January 1996 Home   Newsletters

February 1996

March 1996

President's Message (Suzanne Meisenzahl)
Vote Counts Cancelled (Arlene Ellis)
Report of the Membership Recruitment Committee (Grace Furukawa)
League on "Oahu Speaks" Special
Cheryl Soon to Speak at P&Z Committee Meeting (Astrid Monson)
Testimony on Bill Relating to Development Agreements
State News - House Committee on Finance: Taxation
Court Monitoring Project Underway
National News - Challenge to National Voter Registration Act
Action Call
Condolences
Many Voices One Vision
Membership
Annual United Nations Wrap-Up (insert) (Margery Cohen)

Annual United Nations Wrap-Up (insert)

This year many local Leagues helped celebrate and commemorate the 50th anniversary of the United Nations, part of a world wide acknowledgment of the achievements of this unique institution. Ironically, It also is a time of concern, with the United Nations under fire for what is seen as peacekeeping failures and a lack of good fiscal management and efficiency.

Washington politicians in particular have worked to reduce the funding for all UN operations, from peacekeeping to the agencies, and to cut back on UN security operations as well as U.S. participation in these activities. However, commenting on a December poll by the Wirthlin Group, John C. Whitehead, Chairman of UNA-USA and former Deputy Secretary of State, said, "what is most striking is the consistent growth in the American people's preference for handling international problems through international institutions." The poll showed that UN performance ratings have risen to a historical high; 54 percent say the UN is doing a good job, compared to a 45-percent approval rating one year after Desert Storm.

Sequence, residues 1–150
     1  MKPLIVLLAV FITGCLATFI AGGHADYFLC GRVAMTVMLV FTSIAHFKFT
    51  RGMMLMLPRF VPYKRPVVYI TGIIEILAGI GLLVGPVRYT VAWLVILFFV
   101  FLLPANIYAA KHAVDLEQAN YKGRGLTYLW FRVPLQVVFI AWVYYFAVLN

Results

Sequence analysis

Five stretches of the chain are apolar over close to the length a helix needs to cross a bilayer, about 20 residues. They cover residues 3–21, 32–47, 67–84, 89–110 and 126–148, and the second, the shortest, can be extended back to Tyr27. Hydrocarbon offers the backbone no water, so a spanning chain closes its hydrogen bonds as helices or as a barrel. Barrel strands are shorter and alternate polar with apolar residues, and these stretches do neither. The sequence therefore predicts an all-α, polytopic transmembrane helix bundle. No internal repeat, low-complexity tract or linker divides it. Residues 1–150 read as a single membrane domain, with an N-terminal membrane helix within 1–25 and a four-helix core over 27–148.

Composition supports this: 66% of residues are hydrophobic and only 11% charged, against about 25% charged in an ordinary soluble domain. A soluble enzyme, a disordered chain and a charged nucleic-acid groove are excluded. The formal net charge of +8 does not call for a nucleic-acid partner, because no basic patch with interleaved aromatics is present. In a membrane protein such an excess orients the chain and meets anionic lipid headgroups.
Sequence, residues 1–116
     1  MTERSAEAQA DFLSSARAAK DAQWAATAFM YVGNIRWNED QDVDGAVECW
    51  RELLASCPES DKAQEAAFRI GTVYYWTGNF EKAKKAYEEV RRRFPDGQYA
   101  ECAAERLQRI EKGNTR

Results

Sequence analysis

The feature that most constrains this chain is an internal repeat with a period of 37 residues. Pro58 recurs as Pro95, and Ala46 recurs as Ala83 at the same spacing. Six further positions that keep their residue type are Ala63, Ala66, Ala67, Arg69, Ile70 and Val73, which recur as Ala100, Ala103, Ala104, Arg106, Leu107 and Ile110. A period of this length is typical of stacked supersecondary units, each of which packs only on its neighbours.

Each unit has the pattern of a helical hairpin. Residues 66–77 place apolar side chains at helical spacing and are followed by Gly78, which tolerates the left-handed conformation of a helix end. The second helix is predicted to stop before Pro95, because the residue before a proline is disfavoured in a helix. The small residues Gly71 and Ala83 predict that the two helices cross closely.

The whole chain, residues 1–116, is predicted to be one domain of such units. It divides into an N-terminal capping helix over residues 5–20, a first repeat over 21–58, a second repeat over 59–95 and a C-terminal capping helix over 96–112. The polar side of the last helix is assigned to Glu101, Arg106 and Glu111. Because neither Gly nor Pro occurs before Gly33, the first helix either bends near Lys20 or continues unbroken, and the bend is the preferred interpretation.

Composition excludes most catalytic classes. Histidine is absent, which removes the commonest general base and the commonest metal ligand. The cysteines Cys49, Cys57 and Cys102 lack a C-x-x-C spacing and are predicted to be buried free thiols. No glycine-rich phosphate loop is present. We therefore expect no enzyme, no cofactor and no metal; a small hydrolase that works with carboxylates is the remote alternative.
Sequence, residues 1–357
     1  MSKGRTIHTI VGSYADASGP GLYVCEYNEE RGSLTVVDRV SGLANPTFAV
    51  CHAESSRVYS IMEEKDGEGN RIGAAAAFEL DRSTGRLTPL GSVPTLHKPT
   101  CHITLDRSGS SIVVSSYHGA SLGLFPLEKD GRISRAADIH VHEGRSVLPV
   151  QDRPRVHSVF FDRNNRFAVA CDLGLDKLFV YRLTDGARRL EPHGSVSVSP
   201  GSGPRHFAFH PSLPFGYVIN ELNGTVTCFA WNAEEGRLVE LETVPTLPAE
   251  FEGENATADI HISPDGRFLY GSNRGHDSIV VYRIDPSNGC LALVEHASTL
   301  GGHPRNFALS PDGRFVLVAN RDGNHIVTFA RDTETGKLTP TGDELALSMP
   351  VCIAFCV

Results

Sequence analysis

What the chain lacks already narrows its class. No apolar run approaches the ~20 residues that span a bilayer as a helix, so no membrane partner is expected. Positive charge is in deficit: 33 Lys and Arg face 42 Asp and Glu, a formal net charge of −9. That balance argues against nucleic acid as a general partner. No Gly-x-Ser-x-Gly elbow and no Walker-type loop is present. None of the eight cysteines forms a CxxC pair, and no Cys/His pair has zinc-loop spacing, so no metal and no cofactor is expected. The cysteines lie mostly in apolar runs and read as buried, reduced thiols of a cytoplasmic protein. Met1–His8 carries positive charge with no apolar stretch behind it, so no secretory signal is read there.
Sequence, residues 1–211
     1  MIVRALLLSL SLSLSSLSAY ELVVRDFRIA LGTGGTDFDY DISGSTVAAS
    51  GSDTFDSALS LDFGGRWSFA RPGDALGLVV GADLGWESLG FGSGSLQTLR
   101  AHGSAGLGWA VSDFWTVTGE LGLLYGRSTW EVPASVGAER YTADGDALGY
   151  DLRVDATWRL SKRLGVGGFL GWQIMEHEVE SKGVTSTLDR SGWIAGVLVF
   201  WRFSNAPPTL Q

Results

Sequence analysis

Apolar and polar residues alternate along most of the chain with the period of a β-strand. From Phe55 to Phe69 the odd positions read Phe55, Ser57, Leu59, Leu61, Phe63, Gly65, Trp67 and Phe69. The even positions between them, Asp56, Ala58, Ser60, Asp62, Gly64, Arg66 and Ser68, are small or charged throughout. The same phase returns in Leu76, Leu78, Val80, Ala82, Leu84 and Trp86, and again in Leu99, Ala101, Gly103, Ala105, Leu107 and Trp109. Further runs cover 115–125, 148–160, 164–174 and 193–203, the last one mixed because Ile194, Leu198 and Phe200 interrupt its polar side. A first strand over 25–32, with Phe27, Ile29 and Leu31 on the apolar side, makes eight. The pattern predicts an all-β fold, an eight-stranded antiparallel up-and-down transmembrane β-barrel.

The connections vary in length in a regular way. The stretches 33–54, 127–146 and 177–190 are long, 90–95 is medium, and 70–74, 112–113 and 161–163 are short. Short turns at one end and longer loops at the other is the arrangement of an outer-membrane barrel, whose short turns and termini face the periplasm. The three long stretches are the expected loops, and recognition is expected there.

UN management reform has been going forward under the supervision of an American, Joseph E. Connor, former C.E.O. of Price Waterhouse, as the Under-Secretary General for Administration and Management. The UN Secretariat operates on a zerogrowth basis. Next year's proposed budget is 4 percent smaller than this year's. Since 1988, as part of a continuing streamlining effort, 10 percent of the U.N. Secretariat staff has been cut, and the Secretary General has cut top posts by 2 percent. Tough new standards have been set for staff performance. In 1994, a special UN investigative unit, the Office of Internal Oversight, was established and is-actively carrying out its mandate to eliminate waste and corruption. The budget for the UN operating administrative bodies (the Secretariats in New York, Geneva, Nairobi, Vienna and five regional commissions) is S 1.3 billion a year – about 4 percent of New York City's annual budget. The U.S. share of the UN's annual budget is $315 million, costing each U.S. citizen $3.10.